ArtsAutosBooksBusinessEducationEntertainmentFamilyFashionFoodGamesGenderHealthHolidaysHomeHubPagesPersonal FinancePetsPoliticsReligionSportsTechnologyTravel

Ladybird Beetles and Their Evil Twin MALB and Solutions

Updated on April 15, 2014
Large group of insects with many colors.
Large group of insects with many colors. | Source

Last week I was sitting at a bench at Malabar Farms and a lady recognized me and started talking. She asked me a question about this supposed friendly insect. It seems that there are a number of them that over-wintered that she discovered that she needed removed. She had wondered what she could do. Over the years I have encountered a non-native insect which looks like an off-colored lady bug. The first time I encountered this insect I was helping my brother fix up one of his upstairs rooms. We scooped these pests into buckets and the smell was terrible. He had just planned to start fixing it up for one of my nephews who was just coming back from the hospital. My youngest nephew graduated from high school 3 years ago.

The familiar relative of this Asiatic beetle is the Ladybird Beetle. This European native would descend on a garden ridding your garden of insect pest like various aphids. Catholic gardeners attributed Mary the Mother of Jesus answering their prayers and gave the insect the name the bug of our Lady Mary or much later the Ladybug. Ladybugs do not bite and are mostly red in the background of their shell.

MALBs are an acronym for Multi-colored Asiatic Ladybird Beetle. These insects must overwinter in areas that they can crawl into hide, like walls that are not well sealed or rooms that are not used much during the winter where the window is not sealed. These insects have been imported to pursue and destroy an Asian Soyabean aphid that could stress our harvest of soya beans for that year. As I have been dealing with these insects over the years I have been developing techniques that seem to be effective. The first thing I want you to be aware of is that this insect bites, larger than the ladybug, can have any number of spots either black or red, have any number of shades of orange background on the shell, has a terrible smell, secret a black compound from their legs that can stain about anything, can trigger an asthma attack in certain people, eat grapes, and move in great masses of population on occasion that have their own scents.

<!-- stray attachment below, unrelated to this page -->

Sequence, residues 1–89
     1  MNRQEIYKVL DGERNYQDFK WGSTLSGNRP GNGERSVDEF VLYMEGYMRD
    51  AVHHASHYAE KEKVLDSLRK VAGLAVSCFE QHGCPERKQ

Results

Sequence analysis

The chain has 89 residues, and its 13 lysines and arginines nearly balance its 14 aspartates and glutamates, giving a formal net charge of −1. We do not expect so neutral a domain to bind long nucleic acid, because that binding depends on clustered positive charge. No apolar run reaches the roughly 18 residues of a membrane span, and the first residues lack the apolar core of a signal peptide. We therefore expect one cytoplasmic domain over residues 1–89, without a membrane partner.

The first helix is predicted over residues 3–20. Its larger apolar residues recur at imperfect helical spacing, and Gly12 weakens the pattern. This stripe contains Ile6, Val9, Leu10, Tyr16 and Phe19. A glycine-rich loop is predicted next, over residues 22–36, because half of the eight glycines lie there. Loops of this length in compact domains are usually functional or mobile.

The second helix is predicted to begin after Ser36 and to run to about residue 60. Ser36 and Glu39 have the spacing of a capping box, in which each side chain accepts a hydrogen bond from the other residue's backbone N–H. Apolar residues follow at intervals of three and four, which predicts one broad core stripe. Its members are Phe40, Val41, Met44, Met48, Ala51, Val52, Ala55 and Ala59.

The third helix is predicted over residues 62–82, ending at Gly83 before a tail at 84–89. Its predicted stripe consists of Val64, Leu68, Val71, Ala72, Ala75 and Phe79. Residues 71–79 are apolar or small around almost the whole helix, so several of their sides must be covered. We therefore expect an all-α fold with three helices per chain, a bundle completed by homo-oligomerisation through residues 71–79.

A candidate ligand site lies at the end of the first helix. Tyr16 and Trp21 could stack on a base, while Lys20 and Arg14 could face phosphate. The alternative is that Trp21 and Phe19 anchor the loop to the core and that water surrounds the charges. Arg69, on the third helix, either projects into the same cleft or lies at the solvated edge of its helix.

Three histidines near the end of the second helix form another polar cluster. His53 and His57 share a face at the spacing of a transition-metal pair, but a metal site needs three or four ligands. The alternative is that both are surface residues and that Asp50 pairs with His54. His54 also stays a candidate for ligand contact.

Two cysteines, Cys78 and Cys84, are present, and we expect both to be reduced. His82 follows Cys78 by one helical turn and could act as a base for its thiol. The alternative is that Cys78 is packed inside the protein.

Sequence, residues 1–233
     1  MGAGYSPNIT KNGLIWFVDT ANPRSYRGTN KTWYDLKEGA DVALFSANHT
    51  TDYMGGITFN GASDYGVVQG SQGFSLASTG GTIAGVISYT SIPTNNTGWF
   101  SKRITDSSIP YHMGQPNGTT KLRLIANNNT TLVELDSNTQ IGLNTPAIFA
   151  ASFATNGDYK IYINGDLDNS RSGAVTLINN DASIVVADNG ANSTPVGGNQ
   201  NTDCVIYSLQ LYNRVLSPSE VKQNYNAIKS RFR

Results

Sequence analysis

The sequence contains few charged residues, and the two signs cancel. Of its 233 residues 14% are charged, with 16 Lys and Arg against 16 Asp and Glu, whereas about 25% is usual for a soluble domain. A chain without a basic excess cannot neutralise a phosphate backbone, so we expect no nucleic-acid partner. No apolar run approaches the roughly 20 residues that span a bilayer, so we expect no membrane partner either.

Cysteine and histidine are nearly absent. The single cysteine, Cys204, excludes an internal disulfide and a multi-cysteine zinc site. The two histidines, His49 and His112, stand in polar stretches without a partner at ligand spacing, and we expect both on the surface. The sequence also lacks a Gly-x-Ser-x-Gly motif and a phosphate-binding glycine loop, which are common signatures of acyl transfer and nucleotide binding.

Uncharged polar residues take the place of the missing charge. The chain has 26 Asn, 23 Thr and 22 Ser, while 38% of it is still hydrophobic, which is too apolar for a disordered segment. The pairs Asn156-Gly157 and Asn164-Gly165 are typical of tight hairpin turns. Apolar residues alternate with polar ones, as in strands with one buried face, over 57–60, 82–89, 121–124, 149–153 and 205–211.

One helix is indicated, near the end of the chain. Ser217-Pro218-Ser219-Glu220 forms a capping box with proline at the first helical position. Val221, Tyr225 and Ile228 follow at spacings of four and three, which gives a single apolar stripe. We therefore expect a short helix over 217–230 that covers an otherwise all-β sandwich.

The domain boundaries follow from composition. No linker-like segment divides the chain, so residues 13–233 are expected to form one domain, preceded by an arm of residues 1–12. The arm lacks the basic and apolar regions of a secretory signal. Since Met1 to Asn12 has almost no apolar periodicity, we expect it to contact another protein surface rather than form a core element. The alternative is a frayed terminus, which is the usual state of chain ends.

Most of this column is from personal experience. Once you have discovered the insects where they should not be, it’s too late. This really means that your house or whatever space you are trying to protect just is not sealed. The first thing you need to do is seal the cracks and crevices with caulk in your building from the outside much better than it has been by finding where the insects came into the house. Window screens and doors need to fit tightly with weather stripping. Insects are cold blooded so you should focus on the south side and west side of the building. Over the years I have learned that you don’t want to crush this little lady beetle, for the smell and the stains that they leave on just about everything that they touch. If your building is not sealed up then you will be fighting the insects again, and that also means that an insecticide will only kill the ones that have found their way into your house. Insecticides are only effective with this beetle when they are directly under the spray. For me I have used vacuums with the hose attachment and sucked them through the hose and into the vacuum. What I did wrong the first time is that as the insects were crushed inside the vacuum and the smell was terrible. I learned the hard way that you need to borrow nylon knee high hose from some lady and have a pouch inside the 2 sections of the wand for the vacuum. Unload the beetles as they fill the hose inside the wand. There is a repellent available to be applied to the side of your home, which I haven’t tested.

Thank you for all of your questions. If you have any please don’t hesitate to get in contact with me at or at


    0 of 8192 characters used
    Post Comment

    No comments yet.